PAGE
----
News & Opinion

I Love My Kindle, But I Still Love Print

by on January 7, 2013

Not long ago, I was one of those librarians who scoffed at e-books and Kindles. On principle, I swore I would never use either.  I have a confession to make: I received a Kindle as a gift and enjoy using it. While I was slow to catch on to e-books, others are not. A study by David J. Gray and Andrea J. Copeland noted that between 2005 and 2010, the availability of e-books in public libraries rose 36 percent1.  The study also found that “20 percent of the highest circulating e-books circulated at the same level or better than the highest circulating print copy of the same title2. No doubt patron demand for e-books will continue to grow, despite complex usage and licensing issues.

There is one major caveat: I still belong to the cult of the printed book. The benefit of owning print books is that you can do what you want with them. For example, with history books, I highlight and write notes in the margins. Of course, e-books are convenient, and save space. Kindles are great fun because you can play games on them too. For librarians, using these gadgets enables us to learn new technologies. Yet, I find myself wanting to own the print version of an enjoyable e-book. This does not mean you do not truly “own” an e-book. I just like to have the book sitting snugly on the shelf.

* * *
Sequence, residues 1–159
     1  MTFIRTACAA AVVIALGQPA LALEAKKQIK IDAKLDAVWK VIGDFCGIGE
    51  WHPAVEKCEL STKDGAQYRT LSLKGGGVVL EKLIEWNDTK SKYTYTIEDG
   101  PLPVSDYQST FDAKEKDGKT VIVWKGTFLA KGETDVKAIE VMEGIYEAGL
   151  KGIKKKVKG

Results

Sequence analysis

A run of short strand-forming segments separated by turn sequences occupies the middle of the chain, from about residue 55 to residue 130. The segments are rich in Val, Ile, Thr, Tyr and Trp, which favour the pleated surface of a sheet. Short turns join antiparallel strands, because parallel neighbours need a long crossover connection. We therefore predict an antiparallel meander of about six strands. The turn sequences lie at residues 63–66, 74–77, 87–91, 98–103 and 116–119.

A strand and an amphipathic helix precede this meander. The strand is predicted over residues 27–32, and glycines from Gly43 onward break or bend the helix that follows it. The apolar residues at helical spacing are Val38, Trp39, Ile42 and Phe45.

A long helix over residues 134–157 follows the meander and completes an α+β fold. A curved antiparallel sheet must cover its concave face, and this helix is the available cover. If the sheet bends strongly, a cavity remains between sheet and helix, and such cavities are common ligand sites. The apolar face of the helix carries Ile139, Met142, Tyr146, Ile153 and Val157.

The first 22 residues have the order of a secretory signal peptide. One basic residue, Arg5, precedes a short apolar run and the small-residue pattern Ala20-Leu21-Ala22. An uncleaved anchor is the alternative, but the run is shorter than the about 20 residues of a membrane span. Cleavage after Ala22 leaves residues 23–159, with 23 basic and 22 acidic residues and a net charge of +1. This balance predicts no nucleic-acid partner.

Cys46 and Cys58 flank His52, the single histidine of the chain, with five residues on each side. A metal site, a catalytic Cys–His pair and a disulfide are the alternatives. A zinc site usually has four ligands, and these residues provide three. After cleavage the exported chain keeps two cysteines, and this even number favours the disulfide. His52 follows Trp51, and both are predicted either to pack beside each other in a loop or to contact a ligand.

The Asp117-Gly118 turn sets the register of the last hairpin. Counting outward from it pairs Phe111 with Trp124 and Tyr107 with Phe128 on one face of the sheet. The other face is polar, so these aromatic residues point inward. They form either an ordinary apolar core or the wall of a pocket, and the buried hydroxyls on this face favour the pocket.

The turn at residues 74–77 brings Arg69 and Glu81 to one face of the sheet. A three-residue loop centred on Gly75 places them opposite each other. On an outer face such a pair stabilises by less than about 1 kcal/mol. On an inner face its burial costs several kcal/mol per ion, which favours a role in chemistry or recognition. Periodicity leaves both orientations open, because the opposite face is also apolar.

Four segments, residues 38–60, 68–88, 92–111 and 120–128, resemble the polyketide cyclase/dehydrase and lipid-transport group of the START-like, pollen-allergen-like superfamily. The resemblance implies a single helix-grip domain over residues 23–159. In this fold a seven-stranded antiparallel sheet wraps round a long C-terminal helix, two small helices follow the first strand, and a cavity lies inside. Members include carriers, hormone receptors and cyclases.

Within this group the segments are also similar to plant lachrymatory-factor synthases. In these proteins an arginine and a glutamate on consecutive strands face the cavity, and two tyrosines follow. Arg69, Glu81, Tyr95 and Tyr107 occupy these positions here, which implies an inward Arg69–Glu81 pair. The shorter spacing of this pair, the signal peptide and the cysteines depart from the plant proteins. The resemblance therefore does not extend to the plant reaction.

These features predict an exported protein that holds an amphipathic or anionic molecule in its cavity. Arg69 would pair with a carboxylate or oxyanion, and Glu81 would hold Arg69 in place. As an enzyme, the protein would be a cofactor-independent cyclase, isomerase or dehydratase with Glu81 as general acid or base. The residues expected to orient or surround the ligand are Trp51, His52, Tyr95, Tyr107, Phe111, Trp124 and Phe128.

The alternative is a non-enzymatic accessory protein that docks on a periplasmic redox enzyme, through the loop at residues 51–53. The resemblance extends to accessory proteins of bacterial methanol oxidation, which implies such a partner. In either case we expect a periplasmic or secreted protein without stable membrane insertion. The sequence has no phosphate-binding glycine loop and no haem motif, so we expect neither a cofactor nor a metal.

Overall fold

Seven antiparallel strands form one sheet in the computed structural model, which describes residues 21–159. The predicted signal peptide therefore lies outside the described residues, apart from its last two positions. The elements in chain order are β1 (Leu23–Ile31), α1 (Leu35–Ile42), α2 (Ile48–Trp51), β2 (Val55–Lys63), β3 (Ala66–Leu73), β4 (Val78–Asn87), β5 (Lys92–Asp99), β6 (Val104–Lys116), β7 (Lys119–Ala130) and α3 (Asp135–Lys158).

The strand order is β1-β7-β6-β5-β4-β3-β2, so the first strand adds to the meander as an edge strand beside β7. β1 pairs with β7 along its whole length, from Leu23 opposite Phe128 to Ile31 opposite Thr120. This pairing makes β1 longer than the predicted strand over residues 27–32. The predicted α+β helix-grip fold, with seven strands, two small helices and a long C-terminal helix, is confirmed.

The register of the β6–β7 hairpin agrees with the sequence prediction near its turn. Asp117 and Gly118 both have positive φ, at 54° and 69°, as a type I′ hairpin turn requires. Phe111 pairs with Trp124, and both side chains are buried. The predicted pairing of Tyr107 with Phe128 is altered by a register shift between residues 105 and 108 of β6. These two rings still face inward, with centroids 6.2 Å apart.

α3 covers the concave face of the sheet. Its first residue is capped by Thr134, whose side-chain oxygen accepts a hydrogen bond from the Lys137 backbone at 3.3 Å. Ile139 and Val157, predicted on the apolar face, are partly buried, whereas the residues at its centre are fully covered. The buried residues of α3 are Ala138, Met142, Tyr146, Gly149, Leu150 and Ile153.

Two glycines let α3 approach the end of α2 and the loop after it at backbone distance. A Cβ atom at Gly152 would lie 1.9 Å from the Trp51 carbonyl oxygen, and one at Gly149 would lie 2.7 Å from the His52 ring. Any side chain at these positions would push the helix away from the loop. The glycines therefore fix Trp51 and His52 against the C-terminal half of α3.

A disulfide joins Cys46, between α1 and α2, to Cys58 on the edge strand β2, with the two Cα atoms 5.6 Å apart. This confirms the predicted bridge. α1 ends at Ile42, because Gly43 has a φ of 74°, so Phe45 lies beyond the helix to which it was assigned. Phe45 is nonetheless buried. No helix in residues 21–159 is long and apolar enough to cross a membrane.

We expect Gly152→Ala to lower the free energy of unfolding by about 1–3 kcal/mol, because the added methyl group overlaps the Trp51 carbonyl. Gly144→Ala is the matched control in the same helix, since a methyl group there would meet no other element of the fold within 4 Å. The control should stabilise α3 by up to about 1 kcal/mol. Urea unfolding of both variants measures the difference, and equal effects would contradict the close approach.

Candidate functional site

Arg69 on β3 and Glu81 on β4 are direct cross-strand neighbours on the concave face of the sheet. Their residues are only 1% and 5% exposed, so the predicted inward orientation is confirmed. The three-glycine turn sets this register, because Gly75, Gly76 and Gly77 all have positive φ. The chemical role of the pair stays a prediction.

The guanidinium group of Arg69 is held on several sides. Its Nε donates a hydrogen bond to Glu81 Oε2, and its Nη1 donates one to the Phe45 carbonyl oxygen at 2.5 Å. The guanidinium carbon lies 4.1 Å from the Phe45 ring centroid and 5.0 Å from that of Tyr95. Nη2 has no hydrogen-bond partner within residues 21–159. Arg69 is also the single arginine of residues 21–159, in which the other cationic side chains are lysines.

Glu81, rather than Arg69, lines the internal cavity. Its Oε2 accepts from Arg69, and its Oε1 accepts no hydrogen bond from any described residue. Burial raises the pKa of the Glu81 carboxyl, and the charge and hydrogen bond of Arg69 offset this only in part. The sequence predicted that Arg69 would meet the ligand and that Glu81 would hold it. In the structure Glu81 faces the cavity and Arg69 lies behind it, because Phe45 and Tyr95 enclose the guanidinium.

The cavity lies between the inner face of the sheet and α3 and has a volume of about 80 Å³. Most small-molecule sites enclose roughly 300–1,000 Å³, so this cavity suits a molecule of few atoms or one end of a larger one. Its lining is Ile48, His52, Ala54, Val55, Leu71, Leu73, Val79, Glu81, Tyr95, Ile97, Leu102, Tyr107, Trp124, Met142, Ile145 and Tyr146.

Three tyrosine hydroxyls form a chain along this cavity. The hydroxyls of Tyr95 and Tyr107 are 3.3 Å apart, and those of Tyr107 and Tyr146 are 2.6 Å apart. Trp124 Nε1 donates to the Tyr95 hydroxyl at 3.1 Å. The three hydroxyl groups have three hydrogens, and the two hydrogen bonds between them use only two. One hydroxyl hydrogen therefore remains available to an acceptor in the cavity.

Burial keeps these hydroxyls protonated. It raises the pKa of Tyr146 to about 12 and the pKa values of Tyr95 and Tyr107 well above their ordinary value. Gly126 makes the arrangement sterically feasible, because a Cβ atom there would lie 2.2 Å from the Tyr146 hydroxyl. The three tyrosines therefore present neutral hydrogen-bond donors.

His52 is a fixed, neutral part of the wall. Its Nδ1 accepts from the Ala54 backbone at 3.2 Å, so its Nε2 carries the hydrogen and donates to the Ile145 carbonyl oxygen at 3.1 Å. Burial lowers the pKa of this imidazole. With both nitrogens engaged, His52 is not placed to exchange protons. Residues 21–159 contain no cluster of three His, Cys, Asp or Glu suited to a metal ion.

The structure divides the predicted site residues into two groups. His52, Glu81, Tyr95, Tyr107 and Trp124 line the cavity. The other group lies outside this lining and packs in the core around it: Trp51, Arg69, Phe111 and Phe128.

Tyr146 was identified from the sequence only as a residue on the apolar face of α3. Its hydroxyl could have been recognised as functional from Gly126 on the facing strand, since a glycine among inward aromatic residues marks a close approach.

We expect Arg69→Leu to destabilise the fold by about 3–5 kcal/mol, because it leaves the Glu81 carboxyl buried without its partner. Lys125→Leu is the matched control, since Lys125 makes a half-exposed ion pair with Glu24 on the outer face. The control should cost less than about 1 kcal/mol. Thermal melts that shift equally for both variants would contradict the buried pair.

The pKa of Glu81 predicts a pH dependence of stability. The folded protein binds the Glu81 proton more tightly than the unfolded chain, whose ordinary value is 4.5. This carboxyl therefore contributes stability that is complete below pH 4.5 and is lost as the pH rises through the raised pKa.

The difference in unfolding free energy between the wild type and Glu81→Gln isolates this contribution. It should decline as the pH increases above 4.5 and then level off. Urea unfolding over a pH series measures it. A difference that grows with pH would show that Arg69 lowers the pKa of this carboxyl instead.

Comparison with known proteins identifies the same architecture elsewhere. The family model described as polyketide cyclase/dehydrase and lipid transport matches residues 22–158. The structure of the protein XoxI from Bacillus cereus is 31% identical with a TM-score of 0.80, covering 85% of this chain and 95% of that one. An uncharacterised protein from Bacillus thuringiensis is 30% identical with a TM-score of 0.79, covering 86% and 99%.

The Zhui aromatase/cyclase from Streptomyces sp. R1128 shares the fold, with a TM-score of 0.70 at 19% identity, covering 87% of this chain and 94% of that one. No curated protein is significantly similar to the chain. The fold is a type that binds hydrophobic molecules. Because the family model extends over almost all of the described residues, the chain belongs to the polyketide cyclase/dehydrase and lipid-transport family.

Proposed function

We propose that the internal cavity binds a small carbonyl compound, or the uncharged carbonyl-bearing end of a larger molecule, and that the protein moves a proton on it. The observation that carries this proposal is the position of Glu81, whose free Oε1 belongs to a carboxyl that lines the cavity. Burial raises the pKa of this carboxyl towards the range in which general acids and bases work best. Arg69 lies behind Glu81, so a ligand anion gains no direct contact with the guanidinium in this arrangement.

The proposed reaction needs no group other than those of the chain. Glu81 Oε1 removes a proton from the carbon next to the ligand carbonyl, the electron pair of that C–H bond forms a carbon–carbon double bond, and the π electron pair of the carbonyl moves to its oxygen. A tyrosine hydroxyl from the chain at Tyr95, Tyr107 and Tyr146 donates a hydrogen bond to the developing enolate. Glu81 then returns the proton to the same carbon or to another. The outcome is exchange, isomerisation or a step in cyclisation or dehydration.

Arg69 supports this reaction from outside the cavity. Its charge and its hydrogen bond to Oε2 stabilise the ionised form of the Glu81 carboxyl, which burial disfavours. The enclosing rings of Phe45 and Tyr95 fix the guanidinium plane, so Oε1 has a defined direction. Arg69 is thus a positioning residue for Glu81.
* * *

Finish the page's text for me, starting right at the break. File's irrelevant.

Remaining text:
In the battle between e-book versus print, it really depends on the individual. Gray and Copeland cited two studies in which 6o percent of college-aged academic library users preferred printed texts to e-books3. Of this group, 80 percent used both4.  Some folks will completely abandon traditional reading modes and embrace the new. Like the study participants, I will use both. I now understand it is unwise to remain a Luddite on this issue. I love my Kindle, but I will never lose my love for the “old-fashioned” book.

References

[1] Gray, David J. and Andrea J. Copeland, “E-Book versus Print,” Reference & User Services Quarterly 51, no. 4 (2012): 334,  Library Literature & Information Science Full Text (accessed December 11, 2012), http://libaccess.sjlibrary.org/login?url=http://search.ebscohost.com/login.aspx?direct=true&db=llf&AN=77066259&site=ehost-live

[2] Gray and Copeland, “E-Book versus Print,” 337.

[3] Gray and Copeland, “E-Book versus Print,” 335.

[4] Gray and Copeland, “E-Book versus Print,” 335.


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